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Chase Mills residents sent survey on future of their post office

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CHASE MILLS - Residents of this small hamlet in the town of Louisville received letters last week from the U.S. Postal Service hinting that their post office may be closed or forced to shorten its hours.

In a letter from Post Office Review Coordinator Nadine Tremblay, citizens were asked to complete a survey that could help decide the future of their post office.

“After receiving the results of this survey, the Postal Service will examine the responses and, unless the community has a strong preference (more than 60 percent) for conducting a discontinuance study for the Chase Mills Post Office and establishing one of the additional services..., the Postal Services intends to maintain the Chase Mills Post Office with four hours of window service each weekday,” Ms. Tremblay wrote, adding that Saturday hours would remain unchanged.

“If they don’t get a 60 percent return on these they’ll decide without reading the survey,” Town Clerk Joanne Cameron, a resident of the hamlet of Chase Mills, said.

Chase Mills is one of a number of post offices in the region that is slated to have its hours reduced in the coming months.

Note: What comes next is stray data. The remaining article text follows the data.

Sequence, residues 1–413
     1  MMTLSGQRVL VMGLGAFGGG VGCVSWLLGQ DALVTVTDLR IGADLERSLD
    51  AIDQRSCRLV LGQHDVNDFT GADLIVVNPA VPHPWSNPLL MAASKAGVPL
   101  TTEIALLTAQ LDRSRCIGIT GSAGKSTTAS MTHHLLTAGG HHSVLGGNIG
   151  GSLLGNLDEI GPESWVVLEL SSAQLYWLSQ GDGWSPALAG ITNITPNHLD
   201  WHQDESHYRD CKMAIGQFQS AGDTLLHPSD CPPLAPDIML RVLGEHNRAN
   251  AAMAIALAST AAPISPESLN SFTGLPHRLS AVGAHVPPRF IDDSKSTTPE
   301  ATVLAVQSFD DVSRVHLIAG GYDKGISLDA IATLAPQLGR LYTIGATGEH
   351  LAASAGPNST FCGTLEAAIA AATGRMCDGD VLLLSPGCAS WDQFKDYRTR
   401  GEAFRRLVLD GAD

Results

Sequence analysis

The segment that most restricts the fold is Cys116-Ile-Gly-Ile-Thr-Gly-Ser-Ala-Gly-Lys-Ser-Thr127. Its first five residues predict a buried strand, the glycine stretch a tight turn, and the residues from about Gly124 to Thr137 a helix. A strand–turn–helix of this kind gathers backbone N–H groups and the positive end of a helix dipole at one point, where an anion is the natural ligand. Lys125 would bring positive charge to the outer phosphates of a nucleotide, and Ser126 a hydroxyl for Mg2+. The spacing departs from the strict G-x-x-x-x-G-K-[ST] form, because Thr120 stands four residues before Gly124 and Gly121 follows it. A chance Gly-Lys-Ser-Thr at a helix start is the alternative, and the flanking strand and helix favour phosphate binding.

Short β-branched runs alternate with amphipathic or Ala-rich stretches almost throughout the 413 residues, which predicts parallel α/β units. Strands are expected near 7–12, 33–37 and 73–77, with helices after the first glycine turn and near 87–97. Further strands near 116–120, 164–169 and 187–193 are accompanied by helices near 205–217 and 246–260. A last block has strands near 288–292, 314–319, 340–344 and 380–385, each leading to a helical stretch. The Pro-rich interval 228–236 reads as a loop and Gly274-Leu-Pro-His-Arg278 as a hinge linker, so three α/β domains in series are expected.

Louisville Town Councilman Daniel O’Keefe, who also resides in Chase Mills, suggested possibly relocating the post office to the municipal building. “We want the post office to remain open,” he said.

Town Supervisor Larry R. Legault said that was an option worth considering.

“I think that’s something we could look at,” he said, adding he’ll write a letter to the U.S. Postal Service letting them know the town would be willing to work with them.

While that sounds like a good idea on paper, Town Councilman Roy “Slim” Beshaw said it’s not quite that simple.

“The only way we could get the post office is if we got a zip code,” he said.

Ms. Cameron said the idea of Louisville having its own zip code is something that residents have talked about for years, and Mr. O’Keefe noted that if the post office in Chase Mills were to close that would make a zip code available.

“It’s unfortunate that they’re talking about cutting the hours. If you cut the hours, people will have to make a special trip to get their mail and if they’re working they might not be able to get their mail at all,” Mr. Beshaw said.

Mr. Legault said reducing hours at the post office is just another example of being unfairly punished for living in a rural area.

“It’s unfortunate that small rural communities are the ones who have to suffer when they make cuts,” he said.

U.S. Postal Service New York State Northeast Area Manager Maureen P. Marion noted the residents of Chase Mills are not alone, noting there are 13,000 post offices across the nation that will see hour reductions.

“We have done some work to evaluate individual workloads,” she said, adding these offices will see their hours reduced to either six, four or two hours per day.